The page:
Responsible for the rewrites were Russell and Wagner. Analyzing the screenplay itself, it is clear that both Russell and Wagner were knowledgable in not only the previous two ANOES movies, but the nuance of the horror genre itself. Much more than in the original film, the rewrites also show a penchant for integrating pop culture influences into the dream-state personalities of the characters; and it’s the obsession with pop culture that ultimately contributes to their demise. Among other narrative elements, Russell and Wagner are particularly responsible for the demographic makeup of the teens that we get in the final product by changing many of the ages, sexes, and ethnicities of them. And talk about diversity in ethnicity, physical ability, intelligence, and gender! Jennifer, the young girl obsessed with TV and becoming an actress in Hollywood. Will, the young man confined to a wheelchair who is a huge nerd Dungeons and Dragons geek. Phillip, a young man who loves to create marionette puppets. Taryn, a former heroin addict looking to stay clean and sober. Joey, the quieter one in the group but incredibly horny for the ladies. Kristen (Arquette), who dreams of being an olympic gymnast and has a special kind of ESP that connects her with others. And Kincaid, a tough, short-tempered, and at times violent teen with a sarcastic sense of humor. Outside of Nancy, the other important adults include the often misinterpreted Nurse Ratched-like Dr. Simms, whom really is doing what she thinks is medically best for the teens to help them recover. And Max (Fishburne), the brave orderly.

Dream Warriors‘ screenplay is incredibly lean, and wastes no time in establishing the world of the disturbed teens before launching the audience, full-throttle, into the action plot. For starters, the opening scene of Dream Warriors is fantastic! I would put it up there with the opening to SCREAM, although SCREAM is at the top of my list of best openings–not just in horror-but in all of cinema. The opening to Dream Warriors is perfect because it re-introduces us to Freddy, including his grisly past and insight into the epic, terrifying dream world he creates for his victims. Furthermore, we get an elaboration on his backstory, including more insight into his fiery earthly death and his origin as “the bastard son of a hundred maniacs.” Adding to his intriguing, horrific origin is the idea that his mother was a nun, which is a terrifying idea that this horrific figure could have been spawned by any number of madmen raping a nun. All this adds to Freddy’s mythos and is perfectly accompanied by the iconic ANOES score. All these storytelling elements work together to set the tone for a masterful work of horror cinema. One that is more concerned with the characters, themes, and social commentary than merely the elaborate, entertaining, showman-like kills and memorable one-liners.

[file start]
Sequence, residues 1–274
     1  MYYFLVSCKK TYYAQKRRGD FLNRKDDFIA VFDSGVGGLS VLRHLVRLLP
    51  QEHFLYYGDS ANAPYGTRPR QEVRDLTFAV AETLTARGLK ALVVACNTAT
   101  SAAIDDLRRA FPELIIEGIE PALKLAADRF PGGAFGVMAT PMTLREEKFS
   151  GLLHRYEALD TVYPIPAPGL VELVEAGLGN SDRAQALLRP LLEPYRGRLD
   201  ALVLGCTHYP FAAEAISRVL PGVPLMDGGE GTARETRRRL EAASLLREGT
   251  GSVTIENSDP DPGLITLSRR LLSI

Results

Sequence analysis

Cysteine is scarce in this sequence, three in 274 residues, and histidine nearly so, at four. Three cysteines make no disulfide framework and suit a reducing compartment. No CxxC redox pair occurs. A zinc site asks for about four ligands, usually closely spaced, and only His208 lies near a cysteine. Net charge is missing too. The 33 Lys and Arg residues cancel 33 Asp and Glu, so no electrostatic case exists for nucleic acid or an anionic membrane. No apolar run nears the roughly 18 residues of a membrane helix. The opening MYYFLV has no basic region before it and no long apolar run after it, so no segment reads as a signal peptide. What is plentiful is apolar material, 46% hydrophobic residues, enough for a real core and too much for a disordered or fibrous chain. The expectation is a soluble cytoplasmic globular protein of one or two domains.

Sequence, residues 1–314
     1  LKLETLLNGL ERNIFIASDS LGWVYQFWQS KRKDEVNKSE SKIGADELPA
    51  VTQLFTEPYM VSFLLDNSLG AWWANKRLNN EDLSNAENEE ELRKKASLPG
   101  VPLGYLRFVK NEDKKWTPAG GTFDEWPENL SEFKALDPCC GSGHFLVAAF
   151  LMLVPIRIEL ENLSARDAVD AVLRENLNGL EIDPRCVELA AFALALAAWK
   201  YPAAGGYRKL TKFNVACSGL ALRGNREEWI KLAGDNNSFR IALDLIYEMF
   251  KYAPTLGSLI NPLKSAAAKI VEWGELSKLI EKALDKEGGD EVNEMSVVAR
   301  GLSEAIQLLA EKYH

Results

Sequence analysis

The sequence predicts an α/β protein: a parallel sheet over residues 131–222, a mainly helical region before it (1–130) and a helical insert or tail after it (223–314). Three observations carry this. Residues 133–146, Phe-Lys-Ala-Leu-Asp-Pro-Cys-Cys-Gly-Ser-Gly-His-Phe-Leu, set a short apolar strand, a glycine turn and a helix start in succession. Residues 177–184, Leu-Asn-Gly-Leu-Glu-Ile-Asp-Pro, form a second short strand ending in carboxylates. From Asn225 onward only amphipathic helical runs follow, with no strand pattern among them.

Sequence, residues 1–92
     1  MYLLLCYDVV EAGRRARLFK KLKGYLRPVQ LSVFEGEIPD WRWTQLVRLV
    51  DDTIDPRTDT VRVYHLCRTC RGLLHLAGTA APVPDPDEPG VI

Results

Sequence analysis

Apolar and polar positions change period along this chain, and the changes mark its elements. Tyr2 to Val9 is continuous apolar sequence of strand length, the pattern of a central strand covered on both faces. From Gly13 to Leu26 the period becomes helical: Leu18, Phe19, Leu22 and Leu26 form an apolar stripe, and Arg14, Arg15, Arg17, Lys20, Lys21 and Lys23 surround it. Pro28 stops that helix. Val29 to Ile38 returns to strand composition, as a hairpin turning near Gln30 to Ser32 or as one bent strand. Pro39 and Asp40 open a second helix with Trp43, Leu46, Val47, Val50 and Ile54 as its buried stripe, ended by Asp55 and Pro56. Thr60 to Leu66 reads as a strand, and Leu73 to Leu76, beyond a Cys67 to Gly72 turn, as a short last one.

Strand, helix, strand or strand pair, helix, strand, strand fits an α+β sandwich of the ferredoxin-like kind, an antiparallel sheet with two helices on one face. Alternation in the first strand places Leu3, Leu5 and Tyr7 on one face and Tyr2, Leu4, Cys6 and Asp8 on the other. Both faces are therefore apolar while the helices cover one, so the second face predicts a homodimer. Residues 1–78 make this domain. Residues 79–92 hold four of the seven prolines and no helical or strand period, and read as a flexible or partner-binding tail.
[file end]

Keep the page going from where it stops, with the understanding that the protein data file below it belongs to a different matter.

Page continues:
Showing the depth and complexity of the American horror film, this film tackles the tough, taboo subject of teen suicide. While teen suicide remains an issue today, it was more pronounce in the 1980s. Beyond after-school-specials and PSAs, this was a difficult subject for films (certainly at that time) to tackle. But when there is a tough subject to tackle, leave it to the American horror film to provide insight into and comment on it in unique ways. Much like Nancy and the Dream Warriors face their worst nightmares, the horror battles tough subjects face on! Not only does Dream Warriors tackle teen suicide, it also tackles drug addiction, broken families, self-esteem, and identity issues. A close reading of the imagery associated with the trauma experienced by the teens can be read as a metaphor of adolescence, transitioning from childhood into adulthood. Whether experiencing direct or implied trauma from Freddy, their family, friends, or the hospital staff, the teens endure gaslighting, imprisonment, mental rape, and attempted murder (and times, murder itself) all within the confines and intimacy of the mind. One can easily make the argument that Dream Warriors is a clever PSA on these subjects masquerading around as a horror movie.